In 2008, we experienced an economic freefall that had not been seen since the Great Depression. Like many industries, architecture was hit pretty hard. Upon graduating with my master’s degree in architecture in 2008 I found myself in a good situation; I had lined up a job before the true impacts of the Great Recession ever gripped the firm’s management. They had a contracted backlog that spanned 2 years and money flowed freely, so I could attend Autodesk University.
AU 2008 was my first introduction to a professional conference experience. I got out of my comfortable desk and became a rookie AU attendee. I was blown away by the more than 5,000 multi-industry professionals attending sessions. I even had the chance to meet superstars like Burt Rutan and Daniel Simon at sessions that weren’t in my core curriculum. That’s 1 thing about AU that makes it great and where I discovered how to “hybrid learn” about other processes. Prior to AU, too often the dogmas of architecture led me to solve problems that were already solved in a specific way.
At AU, I saw how other professionals tackled challenges and thought about how I could apply their solutions to my work. I made a permanent mental note that day: change up your routine how you see fit, or your routine will change you without your consent.
My advice for other rookie AU attendees is to allow time to take in the experience and arrive a day early. There are thousands of people arriving for this event. Imagine the logjam at the hotel and conference check-in lines and you’ll instantly know why the extra hotel night is worth it. You don’t want to risk wasting an extra hour in line to miss a single session!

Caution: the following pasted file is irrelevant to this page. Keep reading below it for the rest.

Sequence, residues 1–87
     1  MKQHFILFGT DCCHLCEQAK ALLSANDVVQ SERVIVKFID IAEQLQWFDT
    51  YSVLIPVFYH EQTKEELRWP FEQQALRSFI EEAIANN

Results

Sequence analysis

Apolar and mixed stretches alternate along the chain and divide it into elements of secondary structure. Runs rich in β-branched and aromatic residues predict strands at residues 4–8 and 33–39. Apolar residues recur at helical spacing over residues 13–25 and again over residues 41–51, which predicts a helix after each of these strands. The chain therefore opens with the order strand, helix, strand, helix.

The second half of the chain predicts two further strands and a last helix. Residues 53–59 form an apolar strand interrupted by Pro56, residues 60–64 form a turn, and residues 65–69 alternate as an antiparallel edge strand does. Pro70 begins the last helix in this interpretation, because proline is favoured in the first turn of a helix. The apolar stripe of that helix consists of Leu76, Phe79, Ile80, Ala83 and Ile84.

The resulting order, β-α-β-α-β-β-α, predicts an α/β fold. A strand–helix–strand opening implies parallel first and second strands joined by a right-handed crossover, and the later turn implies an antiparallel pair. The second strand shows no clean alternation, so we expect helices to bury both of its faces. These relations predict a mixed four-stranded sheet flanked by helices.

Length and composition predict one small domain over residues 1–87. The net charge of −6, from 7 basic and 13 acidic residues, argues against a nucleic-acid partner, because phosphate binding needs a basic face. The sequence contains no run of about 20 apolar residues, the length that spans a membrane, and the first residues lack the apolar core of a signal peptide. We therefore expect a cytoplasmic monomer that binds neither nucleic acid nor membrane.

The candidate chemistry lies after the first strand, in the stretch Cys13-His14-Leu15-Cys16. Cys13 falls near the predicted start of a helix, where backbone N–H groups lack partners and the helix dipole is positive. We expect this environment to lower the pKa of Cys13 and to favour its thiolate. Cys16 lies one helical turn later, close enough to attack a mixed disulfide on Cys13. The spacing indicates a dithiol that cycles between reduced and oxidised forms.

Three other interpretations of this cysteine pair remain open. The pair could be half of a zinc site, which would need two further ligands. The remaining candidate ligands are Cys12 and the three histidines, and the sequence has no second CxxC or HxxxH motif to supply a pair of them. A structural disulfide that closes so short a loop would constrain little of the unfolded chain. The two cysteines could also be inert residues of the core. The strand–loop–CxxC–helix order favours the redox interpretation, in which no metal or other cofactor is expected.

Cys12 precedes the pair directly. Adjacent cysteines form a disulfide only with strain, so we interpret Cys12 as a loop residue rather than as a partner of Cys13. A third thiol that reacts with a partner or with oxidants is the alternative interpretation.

After having my mind blown during the first 2 days of learning at AU, I took a lot of notes and tried some of the lessons out on my laptop. It was as if my creativity had become turbocharged. I simply didn’t know what I was missing because I wasn’t aware of the world beyond my desk. I was the perfect age at the perfect time in my life to expand my skill set tenfold.
Little was I aware how much I would need those new skills as economic conditions worsened. The Great Recession had moved a little too fast for the firm where I worked and they subsequently folded. Everything turned out okay, right? The reality is I didn’t land a job for many months nor make the cut for AU 2011 or 2012; however, the skills I had acquired at AU 2008 were enough for me to make ends meet by freelancing and to submit a proposal to speak at AU.
Now, nearly 10 years later, what’s the plus delta? Sometimes it’s not about training yourself on a software. If that’s why you attend AU, great, you will go home a little smarter. You should also attend because you can discover unexpected things about the way you learn or the processes you use. You will meet interesting people who show you that there is another way that might be fundamentally different to how you approach things that will make you better.
Lastly, you should attend AU because you want to share your knowledge. Just like me, you will find yourself facing challenges that you will have to overcome. It took the power of only 1 year of attending AU for me to realize I could mix awareness, creativity, and a passion for learning to become something more.
Welcome to Autodesk University.
Ryan Cameron is a technology enthusiast and designer who loves all things architecture and engineering. Check out his AU classes: